FEATURED IN LEADERSHIP
You’ve just arrived home from work and drop into your easy chair. Your spouse asks you about going to a small gathering of friends coming up this weekend, and you ask who’ll be there. Your spouse provides the names. You smirk and say, “Sounds like the usual group of squares and idealists. I don’t think so.”
Your spouse is frustrated: “What were you hoping for, a bunch of cops?”
“Look, I just don’t enjoy being around people who don’t get it. Eventually they get around to asking me some questions about my work. Then, when I begin describing what I see people doing every day, they give me that look, like they really don’t believe me. Then someone starts complaining about a traffic ticket they got from some unfair cop. Why hang out with people who are so naive and unreal? It’s just a hassle.”
The Criminal Mind}
In prior issues, I’ve addressed various conditions unique to law enforcement that can mold an officer’s personality: limited perspective syndrome, exposure to the extremes of life, the necessary development of command presence and the noble, but dangerous, commitment to the job above all other relationships. These conditions have the potential to make you a cynical, calloused and obnoxious controller, and they will damage important personal relationships, unless recognized and appropriately addressed. In this issue, I discuss another adaptation most officers experience— identifying with the criminal mind .
To deal with criminals, anticipate their actions and interrogate them, police must understand how criminals think. Many officers actually have more interaction with criminals than law-abiding citizens. They learn criminal language, lifestyles and thinking, all of which can be advantageous in their work. However, there is some hazard in becoming immersed in a dysfunctional thinking pattern.
Many criminals despise law-abiding citizens, whom they’ll call any number of pejorative names. Criminals often have overinflated estimations of themselves. They view laws and rules as applying to everyone but themselves: They are above the law. They view people who are submissive to authority as “stupid,” and they have a compulsion to outwit, overpower and dominate others. Those less self centered are “dumb” or “easy marks.”
To a criminal, other people have value only if they can be used, owned or exploited. On the contrary, being noble or kind is an indication of weakness and ignorance. To the criminal, good behavior demonstrates an unrealistic evaluation of the true nature of mankind. They can’t understand someone wanting to help another unselfishly.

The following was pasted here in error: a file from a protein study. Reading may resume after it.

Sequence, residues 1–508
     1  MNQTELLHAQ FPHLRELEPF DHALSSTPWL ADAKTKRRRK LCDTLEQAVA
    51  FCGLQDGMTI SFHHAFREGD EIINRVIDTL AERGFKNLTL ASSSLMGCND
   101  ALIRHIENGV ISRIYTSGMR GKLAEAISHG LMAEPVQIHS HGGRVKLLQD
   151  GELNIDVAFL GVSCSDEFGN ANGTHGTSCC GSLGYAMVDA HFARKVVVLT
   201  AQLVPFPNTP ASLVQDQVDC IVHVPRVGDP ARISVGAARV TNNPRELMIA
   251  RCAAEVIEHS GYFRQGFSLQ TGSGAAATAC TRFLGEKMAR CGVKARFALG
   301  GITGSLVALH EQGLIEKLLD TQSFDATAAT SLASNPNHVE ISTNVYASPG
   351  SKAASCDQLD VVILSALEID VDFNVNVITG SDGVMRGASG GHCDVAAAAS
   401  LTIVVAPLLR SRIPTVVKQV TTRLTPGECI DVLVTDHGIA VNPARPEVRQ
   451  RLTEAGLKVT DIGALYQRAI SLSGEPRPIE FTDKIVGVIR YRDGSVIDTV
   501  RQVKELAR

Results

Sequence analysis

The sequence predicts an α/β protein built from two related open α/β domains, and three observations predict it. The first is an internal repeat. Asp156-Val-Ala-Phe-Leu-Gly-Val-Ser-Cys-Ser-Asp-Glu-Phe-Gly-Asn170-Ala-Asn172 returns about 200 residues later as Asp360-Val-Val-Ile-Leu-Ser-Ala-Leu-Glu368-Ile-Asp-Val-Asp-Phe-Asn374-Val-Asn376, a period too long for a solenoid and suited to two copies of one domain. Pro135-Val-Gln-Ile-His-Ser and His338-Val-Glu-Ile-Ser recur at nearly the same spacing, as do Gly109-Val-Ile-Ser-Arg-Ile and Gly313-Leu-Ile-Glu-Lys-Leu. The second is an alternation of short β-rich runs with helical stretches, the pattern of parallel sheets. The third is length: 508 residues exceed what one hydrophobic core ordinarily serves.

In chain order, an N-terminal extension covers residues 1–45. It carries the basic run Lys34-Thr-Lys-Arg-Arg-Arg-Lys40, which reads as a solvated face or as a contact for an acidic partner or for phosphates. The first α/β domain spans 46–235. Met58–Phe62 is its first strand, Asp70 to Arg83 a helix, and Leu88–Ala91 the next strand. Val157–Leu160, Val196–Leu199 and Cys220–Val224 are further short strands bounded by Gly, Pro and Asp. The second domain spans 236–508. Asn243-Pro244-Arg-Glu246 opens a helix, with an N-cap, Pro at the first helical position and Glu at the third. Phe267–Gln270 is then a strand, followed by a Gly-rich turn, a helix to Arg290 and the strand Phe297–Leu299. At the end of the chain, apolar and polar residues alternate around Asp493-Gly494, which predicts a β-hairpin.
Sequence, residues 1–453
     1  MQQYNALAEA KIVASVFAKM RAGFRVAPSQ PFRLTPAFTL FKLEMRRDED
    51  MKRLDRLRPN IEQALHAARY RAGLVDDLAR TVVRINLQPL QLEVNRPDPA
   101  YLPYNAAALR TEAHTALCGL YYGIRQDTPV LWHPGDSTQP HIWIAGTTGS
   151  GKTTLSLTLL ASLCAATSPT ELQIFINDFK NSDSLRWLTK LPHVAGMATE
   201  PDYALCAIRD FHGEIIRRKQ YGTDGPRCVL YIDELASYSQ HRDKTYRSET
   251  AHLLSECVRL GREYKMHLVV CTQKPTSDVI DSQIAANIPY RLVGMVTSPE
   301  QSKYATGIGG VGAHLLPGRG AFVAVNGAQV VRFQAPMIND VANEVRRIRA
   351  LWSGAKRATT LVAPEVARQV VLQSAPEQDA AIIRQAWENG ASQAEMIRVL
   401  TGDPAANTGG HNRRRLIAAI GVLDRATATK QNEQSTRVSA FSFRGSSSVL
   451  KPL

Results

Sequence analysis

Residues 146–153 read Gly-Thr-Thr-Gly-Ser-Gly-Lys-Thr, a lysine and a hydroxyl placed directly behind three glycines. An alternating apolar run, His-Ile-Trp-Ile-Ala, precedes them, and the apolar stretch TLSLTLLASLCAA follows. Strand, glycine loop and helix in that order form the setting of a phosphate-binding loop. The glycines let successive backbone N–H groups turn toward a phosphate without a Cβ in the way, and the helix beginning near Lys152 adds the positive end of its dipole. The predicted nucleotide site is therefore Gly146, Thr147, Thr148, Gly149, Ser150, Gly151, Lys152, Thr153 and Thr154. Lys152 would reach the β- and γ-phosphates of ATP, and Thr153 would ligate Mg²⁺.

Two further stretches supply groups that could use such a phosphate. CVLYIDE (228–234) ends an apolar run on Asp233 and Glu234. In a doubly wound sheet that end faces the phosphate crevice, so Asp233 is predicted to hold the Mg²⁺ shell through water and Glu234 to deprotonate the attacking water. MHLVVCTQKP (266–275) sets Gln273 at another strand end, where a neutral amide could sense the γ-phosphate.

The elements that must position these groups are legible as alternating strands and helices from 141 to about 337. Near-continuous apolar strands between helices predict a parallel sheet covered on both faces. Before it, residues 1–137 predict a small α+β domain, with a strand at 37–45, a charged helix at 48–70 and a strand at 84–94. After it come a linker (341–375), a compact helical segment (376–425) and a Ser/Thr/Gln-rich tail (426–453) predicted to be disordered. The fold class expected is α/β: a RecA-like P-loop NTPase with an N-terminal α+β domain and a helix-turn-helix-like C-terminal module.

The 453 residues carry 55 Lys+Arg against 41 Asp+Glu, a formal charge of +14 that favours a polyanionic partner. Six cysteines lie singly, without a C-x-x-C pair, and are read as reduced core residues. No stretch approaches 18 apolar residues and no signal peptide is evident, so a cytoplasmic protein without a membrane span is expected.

Police work gives officers experiences that can seem to support a criminal’s outlook. We regularly see people at their worst (e.g., self-centered exploiters), and optimistic, kind people can begin to seem idealistic and uninformed. Officers can develop an “us-vs.-them” mentality. Those outside our profession, who don’t share our mentality, can be seen as “bleeding hearts” who don’t understand life as it is. This can lead to what psychologists call “in-grouping.” Some officers feel comfortable only around other officers—and criminals.
In the extreme, officers can actually begin feeling more at ease talking with criminals than normal friends. At least the criminal knows and understands the stark realities of the world the officer deals with. This adaptation can be more profound and accelerated if the officer is working an undercover assignment.
What Can Be Done
The phenomena I describe rarely lead to the officer becoming criminal or corrupt, but they often lead to an unhealthy isolation and a one-sided view of life. Family and friends can feel as though their spouse, friend or relative is slipping away. They witness changes in the officer that they don’t understand. Following are ways to recognize and avoid identification with the criminal mind:
- Understand and appreciate the powerful negative impact that “getting into the criminal mind” can have on you.
- Discuss this issue with effective, successful colleagues who are realistic, but have some hope. Seek their advice.
- Discuss this article with those who are important to you. Don’t be afraid to describe your fears, concerns and disappointments. Be a good listener. Ask questions to ensure you understand their reaction to this phenomenon.
As a cop, I witnessed things that I wish I could forget. One hazard of our profession is seeing too much, knowing too much and, along with the criminal, viewing life cynically. This view destroys much of the realistic hope that we must have to make positive contributions to our profession.—On Point